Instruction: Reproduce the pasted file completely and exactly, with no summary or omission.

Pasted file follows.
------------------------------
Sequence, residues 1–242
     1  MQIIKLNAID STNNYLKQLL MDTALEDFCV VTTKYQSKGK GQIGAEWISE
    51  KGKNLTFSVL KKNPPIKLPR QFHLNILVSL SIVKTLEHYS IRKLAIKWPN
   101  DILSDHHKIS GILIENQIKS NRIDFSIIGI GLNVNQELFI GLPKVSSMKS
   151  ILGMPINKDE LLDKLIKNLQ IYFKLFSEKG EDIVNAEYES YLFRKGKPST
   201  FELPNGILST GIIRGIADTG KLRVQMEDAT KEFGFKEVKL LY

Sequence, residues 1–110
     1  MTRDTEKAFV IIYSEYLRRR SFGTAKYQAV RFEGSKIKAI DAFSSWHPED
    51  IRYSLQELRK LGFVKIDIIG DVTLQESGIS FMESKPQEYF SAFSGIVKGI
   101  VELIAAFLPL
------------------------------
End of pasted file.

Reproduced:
Sequence, residues 1–242
     1  MQIIKLNAID STNNYLKQLL MDTALEDFCV VTTKYQSKGK GQIGAEWISE
    51  KGKNLTFSVL KKNPPIKLPR QFHLNILVSL SIVKTLEHYS IRKLAIKWPN
   101  DILSDHHKIS GILIENQIKS NRIDFSIIGI GLNVNQELFI GLPKVSSMKS
   151  ILGMPINKDE LLDKLIKNLQ IYFKLFSEKG EDIVNAEYES YLFRKGKPST
   201  FELPNGILST GIIRGIADTG KLRVQMEDAT KEFGFKEVKL LY

Sequence, residues 1–110
     1  MTRDTEKAFV IIYSEYLRRR SFGTAKYQAV RFEGSKIKAI DAFSSWHPED
    51  IRYSLQELRK LGFVKIDIIG DVTLQESGIS FMESKPQEYF SAFSGIVKGI
   101  VELIAAFLPL